What a wet September and October with no signs of let up in the rain. Yet Autumn still comes and with it the magnificent colours in the park.
The old oak near the library continues to delight and this year it has a particularly interesting bracket fungus in its hollowed out middle. I read that such fungi do not normally damage the living wood of a tree, but feed on the dead middle known as the heartwood.
For those who could not be there, our AGM was a delightful affair with gorgeous food and great company. We even had time for some discussions about the park! Here are some minutes if you would like to check the detail. Highlight for me was the decision to set up a local naturalists group for young and old, exploring wildlife in the local area. If you would like to help organise this, or contribute to it in any way, please let us know.
They say that nature is red in tooth and claw – well here is a living example, taken from my garden. The sparrow hawk had helped himself to a pigeon and stayed on our garden table for about ten minutes making sure of the best meat.
Other things that may be of interest are that we will shortly have an information board for the orchard and several new benches are to be installed in the park.
Many thanks also to Venetia for our new logo. Here it is. Enjoy the season.
As the leaves begin to fall and we are treated to those rich autumn colours in the park, so we recognise that the trees are entering their dormant phase and it will soon be time when new trees can be planted. We shall be putting some new apple trees in the orchard this year. They are smaller ones where the fruit can be easily reached and which I hope might be less damaged by picking.
I also wonder whether there are other areas of the park that would benefit from more trees. The Woodland Trust are hoping to plant a million trees across the UK this year and looking for local people to identify suitable sites. I wondered, for example, whether the section running down to the library might be suitable (pictured here)?
It feels slightly empty and sterile at the moment, at least to my way of thinking. Let me know what you think. I also thought about the possibility of trees on Lyde Green Common. I am not sure if that would be welcomed by local people or possible legally, but the question seems worth asking.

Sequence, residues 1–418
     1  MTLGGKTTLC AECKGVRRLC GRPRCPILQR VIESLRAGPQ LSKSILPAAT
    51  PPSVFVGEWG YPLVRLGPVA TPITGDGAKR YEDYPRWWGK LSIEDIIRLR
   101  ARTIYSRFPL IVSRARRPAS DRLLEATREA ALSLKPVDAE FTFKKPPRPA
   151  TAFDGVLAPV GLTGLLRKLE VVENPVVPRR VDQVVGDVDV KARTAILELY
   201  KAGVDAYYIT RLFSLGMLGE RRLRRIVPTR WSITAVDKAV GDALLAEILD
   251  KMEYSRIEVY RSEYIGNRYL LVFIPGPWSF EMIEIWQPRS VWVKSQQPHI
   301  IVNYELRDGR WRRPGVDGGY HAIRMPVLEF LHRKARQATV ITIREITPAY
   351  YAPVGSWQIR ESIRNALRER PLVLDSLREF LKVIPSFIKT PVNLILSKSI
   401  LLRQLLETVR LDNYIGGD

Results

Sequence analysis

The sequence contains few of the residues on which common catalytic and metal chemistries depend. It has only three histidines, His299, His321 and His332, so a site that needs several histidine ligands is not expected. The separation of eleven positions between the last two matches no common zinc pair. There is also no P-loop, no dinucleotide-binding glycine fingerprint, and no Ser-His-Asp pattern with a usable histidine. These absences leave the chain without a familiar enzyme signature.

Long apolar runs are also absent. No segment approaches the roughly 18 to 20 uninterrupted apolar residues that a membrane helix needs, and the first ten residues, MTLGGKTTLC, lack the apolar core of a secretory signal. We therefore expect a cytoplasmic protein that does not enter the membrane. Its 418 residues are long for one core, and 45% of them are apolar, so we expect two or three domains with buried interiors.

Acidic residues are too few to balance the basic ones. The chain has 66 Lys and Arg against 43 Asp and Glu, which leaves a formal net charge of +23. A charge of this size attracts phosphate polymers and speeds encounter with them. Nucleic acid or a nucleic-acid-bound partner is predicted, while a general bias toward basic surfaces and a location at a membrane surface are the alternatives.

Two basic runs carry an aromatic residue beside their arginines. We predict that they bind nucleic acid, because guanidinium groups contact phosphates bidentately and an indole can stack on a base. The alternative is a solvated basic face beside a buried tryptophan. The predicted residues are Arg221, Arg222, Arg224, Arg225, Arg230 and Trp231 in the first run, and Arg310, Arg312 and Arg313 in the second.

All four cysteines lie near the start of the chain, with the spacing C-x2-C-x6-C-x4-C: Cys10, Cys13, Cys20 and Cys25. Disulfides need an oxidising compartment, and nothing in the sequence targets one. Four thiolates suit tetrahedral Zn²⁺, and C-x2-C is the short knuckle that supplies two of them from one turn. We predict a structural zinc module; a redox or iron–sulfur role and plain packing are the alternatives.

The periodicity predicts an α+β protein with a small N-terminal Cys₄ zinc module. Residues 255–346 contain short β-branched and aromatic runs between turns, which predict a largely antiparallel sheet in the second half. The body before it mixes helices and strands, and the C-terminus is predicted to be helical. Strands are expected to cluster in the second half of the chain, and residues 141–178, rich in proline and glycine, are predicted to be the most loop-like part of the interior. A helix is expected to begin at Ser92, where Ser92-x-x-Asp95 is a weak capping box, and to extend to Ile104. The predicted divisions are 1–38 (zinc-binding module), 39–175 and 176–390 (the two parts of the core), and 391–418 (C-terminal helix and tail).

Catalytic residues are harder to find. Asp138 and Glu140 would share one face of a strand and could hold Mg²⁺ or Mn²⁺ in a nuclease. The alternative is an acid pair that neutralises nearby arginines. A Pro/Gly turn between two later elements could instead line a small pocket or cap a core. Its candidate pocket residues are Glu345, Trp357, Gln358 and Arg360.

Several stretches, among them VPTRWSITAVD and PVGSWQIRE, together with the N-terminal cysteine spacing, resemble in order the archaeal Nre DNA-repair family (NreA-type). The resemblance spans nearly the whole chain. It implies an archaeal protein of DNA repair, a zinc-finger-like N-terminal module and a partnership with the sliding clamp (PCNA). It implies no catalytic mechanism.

There is a debate about this whole process of tree planting. Some say that simply letting trees grow as part of ‘rewilding’ is a better way. We experienced that in the park a few years back, when a whole forest was growing in the wilder side of the park. No one had planted anything. It just happened. The council eventually cut it back on the orders of a government inspector, who thought it would impede the flood protection properties of the park’s streams and ponds.
I am not sure that the section of the park pictured above would rewild easily, or that the process would be welcomed by the public, so tree planting may be the best first proposal.
Also please note that Friends of Emersons Green Park are holding our first AGM this year on October 21st at 7pm in the Jefferies Room of the Village Hall. It will take the form of a Harvest Supper on a bring and share basis. You are most welcome to come. We will be talking about ideas for the group’s activities in the coming year. Please let us know through the contact form on this website that you plan to attend so we can coordinate food and make sure there is enough space.
It has been very good to hear so many appreciative comments about the orchard this year. The wild flowers have clearly been a highlight and much of the fruit has been picked.